How to be prepared for bird flu
PUBLISHED: 15:11 13 December 2017
We don’t yet know if there will be another poultry ‘lockdown’ this winter because of avian flu. It pays to be prepared though, and Kim Stoddart offers some suggestions
With avian influenza (bird flu) outbreaks still occurring in other parts of the world, a lot of poultry pundits have predicted that the biosecurity measures we experienced last winter could be a regular precaution when wild bird migration occurs, as they are carriers of the disease. Although it’s not yet certain if we will need to keep our flocks contained, it certainly pays to be prepared and to have facilities in place should this occur.
With this in mind, here are some suggestions worth considering:
Get a walk-in chicken run
These large, sturdy moveable runs will safely contain poultry and a coop or two during any future lock down. Garden Life sells a variety of long lasting enclosures made from strong galvanised steel. Company owner John Bolton said: “Our runs are ideal for keeping birds in one place, but I would recommend users also fit some tarpaulin over the roof to prevent wild bird droppings from getting in. The unexpected outbreak last year took us by surprise and we very quickly ran out. This year we have extra stock if it unfortunately appears again.”
Use a polytunnel
I wouldn’t be without my polytunnel, and I know that during last year’s period of enforced poultry confinement, a lot of smallholders used theirs to home their birds. It’s a good option for those without outbuildings or other facilities in place. Do be aware, though, that whilst chickens, ducks and geese will prove to be efficient clearers of slugs, snails and other garden pests that might be loitering, they will also hoover up everything else available, including any overwintering crops. Also, whilst it’s true that chicken poo in particular works well as a compost pile accelerator and makes a good nitrogen rich fertiliser, birds confined for a period of months may cause scouring to the ground. With this in mind, you may wish to cover the ground with a membrane, covering that with bedding of sawdust or woodchip so the soil is protected; the bedding can then provide a worthwhile addition to the compost pile.
Looking on the bright side, the potential bird flu lockdown could be a great excuse to get a polytunnel if you don’t already have one, or indeed to buy another. These protected structures are so incredibly useful for fruit and vegetable growing whatever the weather, so it’s an investment worth making regardless of your poultry needs.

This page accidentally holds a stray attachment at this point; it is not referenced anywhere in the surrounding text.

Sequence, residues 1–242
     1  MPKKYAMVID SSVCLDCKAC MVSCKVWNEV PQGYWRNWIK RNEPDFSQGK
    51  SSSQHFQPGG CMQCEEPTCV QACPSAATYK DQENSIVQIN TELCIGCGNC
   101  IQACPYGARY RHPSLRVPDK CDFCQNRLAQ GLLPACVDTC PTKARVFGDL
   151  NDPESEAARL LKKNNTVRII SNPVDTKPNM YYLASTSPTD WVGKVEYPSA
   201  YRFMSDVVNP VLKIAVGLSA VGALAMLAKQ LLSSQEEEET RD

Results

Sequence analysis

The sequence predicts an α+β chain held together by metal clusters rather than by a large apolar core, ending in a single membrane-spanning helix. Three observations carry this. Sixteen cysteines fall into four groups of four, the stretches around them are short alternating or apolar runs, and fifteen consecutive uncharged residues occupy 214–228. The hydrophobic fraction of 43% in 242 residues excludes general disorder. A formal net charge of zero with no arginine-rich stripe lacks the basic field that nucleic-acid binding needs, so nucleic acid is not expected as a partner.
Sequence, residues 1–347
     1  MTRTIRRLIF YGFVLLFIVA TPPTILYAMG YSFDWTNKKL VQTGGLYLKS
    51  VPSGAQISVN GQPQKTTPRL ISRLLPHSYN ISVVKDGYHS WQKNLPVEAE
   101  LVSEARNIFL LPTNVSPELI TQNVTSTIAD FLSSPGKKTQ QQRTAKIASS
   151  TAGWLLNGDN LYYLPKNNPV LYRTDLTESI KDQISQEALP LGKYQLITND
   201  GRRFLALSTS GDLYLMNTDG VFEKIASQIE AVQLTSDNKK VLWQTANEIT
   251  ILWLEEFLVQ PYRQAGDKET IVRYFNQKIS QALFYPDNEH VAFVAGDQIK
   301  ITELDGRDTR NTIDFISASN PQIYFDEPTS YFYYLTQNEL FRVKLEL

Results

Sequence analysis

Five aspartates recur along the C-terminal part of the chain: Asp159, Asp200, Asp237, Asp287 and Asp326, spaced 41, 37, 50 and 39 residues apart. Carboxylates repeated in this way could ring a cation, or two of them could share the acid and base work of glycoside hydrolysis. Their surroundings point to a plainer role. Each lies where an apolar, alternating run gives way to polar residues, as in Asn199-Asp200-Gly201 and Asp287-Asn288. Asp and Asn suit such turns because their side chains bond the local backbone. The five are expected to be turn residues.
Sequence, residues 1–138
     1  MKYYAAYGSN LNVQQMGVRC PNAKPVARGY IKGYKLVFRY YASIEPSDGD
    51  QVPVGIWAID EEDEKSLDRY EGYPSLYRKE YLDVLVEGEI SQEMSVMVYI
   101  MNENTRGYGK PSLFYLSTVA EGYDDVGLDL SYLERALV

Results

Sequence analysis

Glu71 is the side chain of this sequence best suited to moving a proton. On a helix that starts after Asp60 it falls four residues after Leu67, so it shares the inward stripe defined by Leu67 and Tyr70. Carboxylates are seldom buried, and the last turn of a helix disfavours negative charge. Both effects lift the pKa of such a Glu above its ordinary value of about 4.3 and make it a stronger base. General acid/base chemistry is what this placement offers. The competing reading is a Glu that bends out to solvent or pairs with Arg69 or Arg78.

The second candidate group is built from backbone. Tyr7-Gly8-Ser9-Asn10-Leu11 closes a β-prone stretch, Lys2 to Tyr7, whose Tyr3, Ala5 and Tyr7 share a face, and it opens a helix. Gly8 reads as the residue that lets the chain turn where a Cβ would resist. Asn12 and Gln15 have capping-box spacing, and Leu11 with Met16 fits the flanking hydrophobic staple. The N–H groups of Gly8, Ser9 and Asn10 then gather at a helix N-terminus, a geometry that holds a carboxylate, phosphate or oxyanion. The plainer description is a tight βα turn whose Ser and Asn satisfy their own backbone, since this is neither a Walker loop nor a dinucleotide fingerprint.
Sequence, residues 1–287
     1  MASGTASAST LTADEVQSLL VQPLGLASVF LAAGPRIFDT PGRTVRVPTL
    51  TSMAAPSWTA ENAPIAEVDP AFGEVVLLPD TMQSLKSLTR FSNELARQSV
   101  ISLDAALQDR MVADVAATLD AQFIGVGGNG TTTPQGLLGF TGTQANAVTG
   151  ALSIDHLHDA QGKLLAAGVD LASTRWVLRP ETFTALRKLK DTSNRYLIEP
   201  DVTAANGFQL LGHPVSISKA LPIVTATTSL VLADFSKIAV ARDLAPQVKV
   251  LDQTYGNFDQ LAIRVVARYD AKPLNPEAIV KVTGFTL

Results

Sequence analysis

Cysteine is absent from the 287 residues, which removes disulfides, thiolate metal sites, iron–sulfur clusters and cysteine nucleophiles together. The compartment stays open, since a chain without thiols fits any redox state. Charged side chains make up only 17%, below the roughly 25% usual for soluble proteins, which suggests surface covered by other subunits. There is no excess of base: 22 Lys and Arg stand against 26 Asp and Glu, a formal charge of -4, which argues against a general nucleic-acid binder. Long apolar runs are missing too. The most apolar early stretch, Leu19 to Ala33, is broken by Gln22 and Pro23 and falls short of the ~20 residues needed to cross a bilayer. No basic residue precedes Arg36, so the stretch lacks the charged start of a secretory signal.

Use debris netting
Another option is to cover existing outdoor enclosures with what’s called debris netting. The main issue with normal chicken wire is that small birds can still get through and into your enclosure, so this material enables you to keep wild birds out and your poultry protected.
This is available from various suppliers, such as Wickes and can also be ordered online at Amazon.
Keep them fit and entertained
It is important to keep your poultry fit, healthy and entertained during a lockdown.
Disinfect the hen house on a regular basis with a product such as Chicken Vet Dri bed which is also deodorising. www.chickenvet.co.uk
A boot dip is a biosecurity essential. Use a bucket with a lid placed by the entrance to the run containing a DEFRA approved disinfectant such as Virkon™ S.
Stockists include www.flytesofancy.co.uk
During the months of confinement, you want to make sure your birds are as happy and healthy as can be, so some in-coop entertainment might well be in order! The British Hen Welfare Trust sells a Chicken Swing that has been tried and tested and shown to provide a fun activity for hens. Rather than just using it as a perch, the chickens apparently get into the swing of things, creating a welcome distraction during their time inside. It costs £19.99 via the online shop at www.bhwt.org.uk.
Other similar accessories are available from Feathers & Beaky. See www.spikesworld.co.uk
Chief Vet’s appeal
In our October issue, we carried an appeal by the UK’s Chief Vet, Professor Nigel Gibbins. He praised back garden henkeepers and smallholders for the way they responded to last winter’s measures to combat bird flu, and appealed to them to remain vigilant. He also suggested practical steps we can take.